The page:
On Libervis.com we explore the good uses of technology, those that put technology in the service of individual liberty, personal empowerment, betterment of society as a whole, and building a better future. We provide key resources that can help you use technology to advance these purposes, and we discuss the implications that technological trends, meshing with social trends, have for these values.
It's important that we remember what makes the Internet so interesting and unique. There are two crucial characteristics:
- It's fundamentally decentralized, meaning you can cut out any part without affecting the rest,
- It allows freedom of access, meaning you have the same ability to access and write it as anyone else.
Because they permit extraordinary flexibility and rapid growth, both of these characteristics have brought the Internet way beyond any other network. Today, they are endangered. How come, and what can we do about it?
As Apple's Steve Jobs is announcing that they suddenly "want native third-party applications on the iPhone", something its users have been yearning to have ever since they started buying these phones (even if it meant hacking them), Steve justifies their prior resistance to this kind of openness by security threats. As he says, they are "trying to do two diametrically opposed things at once â€” provide an advanced and open platform to developers while at the same time protect iPhone users from viruses, malware, privacy attacks, etc."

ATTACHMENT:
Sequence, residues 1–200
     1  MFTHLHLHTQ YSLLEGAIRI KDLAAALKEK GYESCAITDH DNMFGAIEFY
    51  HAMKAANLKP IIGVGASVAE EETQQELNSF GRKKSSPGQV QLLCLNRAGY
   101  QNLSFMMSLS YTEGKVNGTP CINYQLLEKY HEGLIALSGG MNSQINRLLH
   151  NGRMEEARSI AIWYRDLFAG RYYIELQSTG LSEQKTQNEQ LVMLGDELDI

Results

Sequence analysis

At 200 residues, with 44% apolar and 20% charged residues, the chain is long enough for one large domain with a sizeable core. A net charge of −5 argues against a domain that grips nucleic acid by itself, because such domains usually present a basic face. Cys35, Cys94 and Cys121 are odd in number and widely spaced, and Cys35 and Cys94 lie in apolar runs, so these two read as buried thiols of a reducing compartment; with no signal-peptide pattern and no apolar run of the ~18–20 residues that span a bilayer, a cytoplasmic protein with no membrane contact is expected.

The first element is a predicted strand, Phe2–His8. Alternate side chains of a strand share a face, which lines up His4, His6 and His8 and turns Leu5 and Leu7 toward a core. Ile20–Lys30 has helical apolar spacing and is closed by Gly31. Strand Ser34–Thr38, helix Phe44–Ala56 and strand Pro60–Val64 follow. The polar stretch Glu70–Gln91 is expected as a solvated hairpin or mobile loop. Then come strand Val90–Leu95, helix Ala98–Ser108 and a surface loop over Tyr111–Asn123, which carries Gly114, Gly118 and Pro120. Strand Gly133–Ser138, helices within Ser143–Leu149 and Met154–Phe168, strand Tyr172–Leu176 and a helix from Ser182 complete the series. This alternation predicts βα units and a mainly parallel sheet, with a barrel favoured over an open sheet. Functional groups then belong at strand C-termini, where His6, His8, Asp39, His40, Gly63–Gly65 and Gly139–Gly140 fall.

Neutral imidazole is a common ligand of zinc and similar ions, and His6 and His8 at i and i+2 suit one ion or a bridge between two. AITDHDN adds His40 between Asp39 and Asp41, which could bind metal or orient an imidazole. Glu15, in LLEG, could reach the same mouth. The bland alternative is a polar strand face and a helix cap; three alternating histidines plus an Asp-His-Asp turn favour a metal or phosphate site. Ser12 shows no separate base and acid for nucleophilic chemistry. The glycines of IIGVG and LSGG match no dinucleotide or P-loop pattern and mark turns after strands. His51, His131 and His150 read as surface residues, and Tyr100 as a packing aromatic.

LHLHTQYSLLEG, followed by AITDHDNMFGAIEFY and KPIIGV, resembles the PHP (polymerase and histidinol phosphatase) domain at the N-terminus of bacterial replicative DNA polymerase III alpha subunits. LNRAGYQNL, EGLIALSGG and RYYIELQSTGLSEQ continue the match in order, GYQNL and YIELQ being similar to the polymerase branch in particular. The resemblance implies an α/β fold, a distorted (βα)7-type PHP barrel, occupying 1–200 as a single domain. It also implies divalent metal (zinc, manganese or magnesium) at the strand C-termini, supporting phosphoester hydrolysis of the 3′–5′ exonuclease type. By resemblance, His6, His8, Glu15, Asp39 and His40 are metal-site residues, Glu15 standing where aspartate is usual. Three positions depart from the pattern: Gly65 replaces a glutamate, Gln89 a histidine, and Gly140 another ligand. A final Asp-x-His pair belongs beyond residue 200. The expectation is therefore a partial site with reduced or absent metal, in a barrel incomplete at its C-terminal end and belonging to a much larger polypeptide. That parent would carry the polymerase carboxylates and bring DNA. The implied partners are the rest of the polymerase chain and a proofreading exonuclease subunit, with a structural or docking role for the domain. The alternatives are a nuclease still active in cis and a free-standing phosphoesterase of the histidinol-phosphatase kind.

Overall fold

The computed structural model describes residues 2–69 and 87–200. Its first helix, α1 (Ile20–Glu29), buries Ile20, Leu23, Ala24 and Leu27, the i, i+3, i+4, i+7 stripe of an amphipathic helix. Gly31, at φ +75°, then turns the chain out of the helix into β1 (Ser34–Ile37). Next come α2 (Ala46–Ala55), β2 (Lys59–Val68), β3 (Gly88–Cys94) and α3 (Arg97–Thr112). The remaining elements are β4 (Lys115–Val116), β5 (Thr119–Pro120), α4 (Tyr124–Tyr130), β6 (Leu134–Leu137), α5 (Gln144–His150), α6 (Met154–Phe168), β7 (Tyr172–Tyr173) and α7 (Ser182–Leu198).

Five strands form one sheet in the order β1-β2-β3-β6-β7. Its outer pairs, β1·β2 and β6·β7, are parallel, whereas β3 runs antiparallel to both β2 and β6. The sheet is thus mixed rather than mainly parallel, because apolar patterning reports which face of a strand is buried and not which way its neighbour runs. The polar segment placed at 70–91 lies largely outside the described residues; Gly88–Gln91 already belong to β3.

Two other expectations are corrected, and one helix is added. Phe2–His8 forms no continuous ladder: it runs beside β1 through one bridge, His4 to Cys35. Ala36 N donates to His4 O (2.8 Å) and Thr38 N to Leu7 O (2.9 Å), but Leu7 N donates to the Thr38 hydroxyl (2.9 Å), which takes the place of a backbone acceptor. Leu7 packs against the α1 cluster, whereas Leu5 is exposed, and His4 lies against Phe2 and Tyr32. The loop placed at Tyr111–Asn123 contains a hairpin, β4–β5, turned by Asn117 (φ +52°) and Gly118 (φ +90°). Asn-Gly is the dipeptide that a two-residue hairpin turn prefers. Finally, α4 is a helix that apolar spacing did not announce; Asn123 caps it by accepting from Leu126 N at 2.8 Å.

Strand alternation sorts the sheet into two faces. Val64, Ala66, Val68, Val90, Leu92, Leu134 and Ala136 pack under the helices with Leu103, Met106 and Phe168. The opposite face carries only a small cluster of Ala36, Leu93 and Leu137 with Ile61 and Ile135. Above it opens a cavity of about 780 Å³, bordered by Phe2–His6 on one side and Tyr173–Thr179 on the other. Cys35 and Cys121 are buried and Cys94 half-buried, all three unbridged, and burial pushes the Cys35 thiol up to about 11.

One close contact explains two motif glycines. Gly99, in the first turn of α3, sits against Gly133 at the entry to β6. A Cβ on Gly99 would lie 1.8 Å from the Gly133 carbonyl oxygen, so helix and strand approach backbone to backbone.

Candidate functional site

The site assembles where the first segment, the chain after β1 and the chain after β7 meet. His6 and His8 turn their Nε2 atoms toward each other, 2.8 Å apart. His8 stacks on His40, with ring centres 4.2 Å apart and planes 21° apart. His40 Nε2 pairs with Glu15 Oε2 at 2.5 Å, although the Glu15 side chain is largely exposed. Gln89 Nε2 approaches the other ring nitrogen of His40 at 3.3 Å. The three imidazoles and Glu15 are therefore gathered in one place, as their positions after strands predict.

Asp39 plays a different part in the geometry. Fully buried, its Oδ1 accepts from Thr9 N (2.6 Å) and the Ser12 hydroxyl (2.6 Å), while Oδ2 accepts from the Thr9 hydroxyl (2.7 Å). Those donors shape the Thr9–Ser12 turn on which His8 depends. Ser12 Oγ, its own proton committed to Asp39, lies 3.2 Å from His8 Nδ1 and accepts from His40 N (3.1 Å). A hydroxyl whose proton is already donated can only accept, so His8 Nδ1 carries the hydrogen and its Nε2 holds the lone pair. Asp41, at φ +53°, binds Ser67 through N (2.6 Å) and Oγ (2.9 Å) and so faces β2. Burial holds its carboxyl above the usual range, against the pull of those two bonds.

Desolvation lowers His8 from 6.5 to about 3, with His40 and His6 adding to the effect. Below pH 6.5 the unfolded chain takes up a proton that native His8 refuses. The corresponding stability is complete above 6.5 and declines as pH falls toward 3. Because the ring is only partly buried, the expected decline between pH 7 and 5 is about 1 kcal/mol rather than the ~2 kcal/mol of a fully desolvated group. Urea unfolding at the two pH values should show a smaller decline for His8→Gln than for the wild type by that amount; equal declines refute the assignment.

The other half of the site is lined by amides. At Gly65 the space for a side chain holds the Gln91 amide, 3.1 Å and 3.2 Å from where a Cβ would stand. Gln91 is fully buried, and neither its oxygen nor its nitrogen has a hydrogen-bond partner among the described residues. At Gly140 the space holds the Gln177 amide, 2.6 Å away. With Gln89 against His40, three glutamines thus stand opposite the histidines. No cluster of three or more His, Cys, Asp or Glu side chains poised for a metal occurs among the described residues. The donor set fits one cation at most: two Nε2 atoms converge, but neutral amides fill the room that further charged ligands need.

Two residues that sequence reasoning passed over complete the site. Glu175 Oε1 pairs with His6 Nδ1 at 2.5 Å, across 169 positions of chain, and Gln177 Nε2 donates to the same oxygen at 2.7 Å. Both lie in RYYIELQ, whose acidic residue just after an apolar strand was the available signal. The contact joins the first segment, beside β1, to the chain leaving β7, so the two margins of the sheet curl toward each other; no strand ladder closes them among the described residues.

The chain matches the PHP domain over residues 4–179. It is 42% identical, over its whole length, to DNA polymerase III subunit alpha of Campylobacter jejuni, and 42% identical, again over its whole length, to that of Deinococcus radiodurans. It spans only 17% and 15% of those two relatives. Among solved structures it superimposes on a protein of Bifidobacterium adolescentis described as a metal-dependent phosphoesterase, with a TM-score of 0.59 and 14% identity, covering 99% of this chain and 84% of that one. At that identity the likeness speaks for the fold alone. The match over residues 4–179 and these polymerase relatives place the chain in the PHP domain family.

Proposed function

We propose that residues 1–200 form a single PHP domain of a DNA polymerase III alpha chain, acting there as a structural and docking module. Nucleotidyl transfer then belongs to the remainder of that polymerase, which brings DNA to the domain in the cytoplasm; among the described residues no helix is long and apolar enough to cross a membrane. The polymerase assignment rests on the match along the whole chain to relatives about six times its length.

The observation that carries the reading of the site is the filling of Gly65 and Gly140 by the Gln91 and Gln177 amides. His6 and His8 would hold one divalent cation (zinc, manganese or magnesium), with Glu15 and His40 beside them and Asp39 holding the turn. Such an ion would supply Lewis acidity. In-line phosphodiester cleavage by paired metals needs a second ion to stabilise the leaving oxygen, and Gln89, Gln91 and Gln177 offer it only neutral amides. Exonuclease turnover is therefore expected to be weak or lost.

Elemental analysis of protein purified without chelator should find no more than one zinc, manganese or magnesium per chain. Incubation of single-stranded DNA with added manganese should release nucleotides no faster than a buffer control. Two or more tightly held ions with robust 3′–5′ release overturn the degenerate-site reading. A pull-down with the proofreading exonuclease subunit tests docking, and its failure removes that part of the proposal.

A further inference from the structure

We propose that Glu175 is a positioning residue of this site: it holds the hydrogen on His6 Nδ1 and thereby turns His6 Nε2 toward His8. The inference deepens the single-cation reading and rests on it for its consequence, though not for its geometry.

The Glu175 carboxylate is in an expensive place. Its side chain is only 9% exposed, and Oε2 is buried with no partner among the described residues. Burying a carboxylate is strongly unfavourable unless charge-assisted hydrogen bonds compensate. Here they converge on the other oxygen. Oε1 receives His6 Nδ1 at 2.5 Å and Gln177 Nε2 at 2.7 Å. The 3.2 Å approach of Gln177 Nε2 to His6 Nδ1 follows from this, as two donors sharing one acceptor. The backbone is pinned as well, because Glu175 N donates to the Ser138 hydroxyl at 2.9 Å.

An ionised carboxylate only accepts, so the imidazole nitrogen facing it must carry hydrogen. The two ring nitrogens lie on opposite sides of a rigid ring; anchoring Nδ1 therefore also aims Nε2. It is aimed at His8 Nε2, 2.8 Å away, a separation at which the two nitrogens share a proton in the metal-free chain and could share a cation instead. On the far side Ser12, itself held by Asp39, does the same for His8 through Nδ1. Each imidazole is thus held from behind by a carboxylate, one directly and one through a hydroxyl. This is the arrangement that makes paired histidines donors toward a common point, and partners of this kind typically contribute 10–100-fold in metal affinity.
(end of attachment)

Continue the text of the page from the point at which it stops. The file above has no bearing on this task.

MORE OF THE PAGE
Today I found an excellent small website about the gender imbalance in Free software. There's been a lot about the topic on the linux/free software news sites too.
Large parts of the free software community are rather hostile towards women, as unfortunately is usual in communities with a huge male majority. Which then prevents the community from becoming balanced because it will be unattractive to women.
With this article I want to point out how Free Software provides a secure environment and how important the community is.
Security is not only limited to "technology to keep crackers away from your data", but it also is about secured freedom. Just as laws in many countries secure that you have the right to voice out your opinion, Free Software secures its own freedom through its licenses.
1 SECURE FREEDOM
Freedom is important to every human being. We do not want to be limited or restricted in any way.
But why do so many people not break out of the restrictions nonfree software imposes on them and choose to use Free Software?
"Don't talk about Microsoft" is a meme some people would gladly adopt for it is true that many in the Free Software community often appear obsessed with what Microsoft does and how could that be a part of a plan to hurt Free Software and GNU/Linux specifically. However, there are certain facts that can't be validly denied; Microsoft has a reputation of being quite a devious "competitor", if we can even fairly attribute such a noble term to them. They simply shown that they will use every trick in the book, regardless even of legality or ethics, to stay on the top.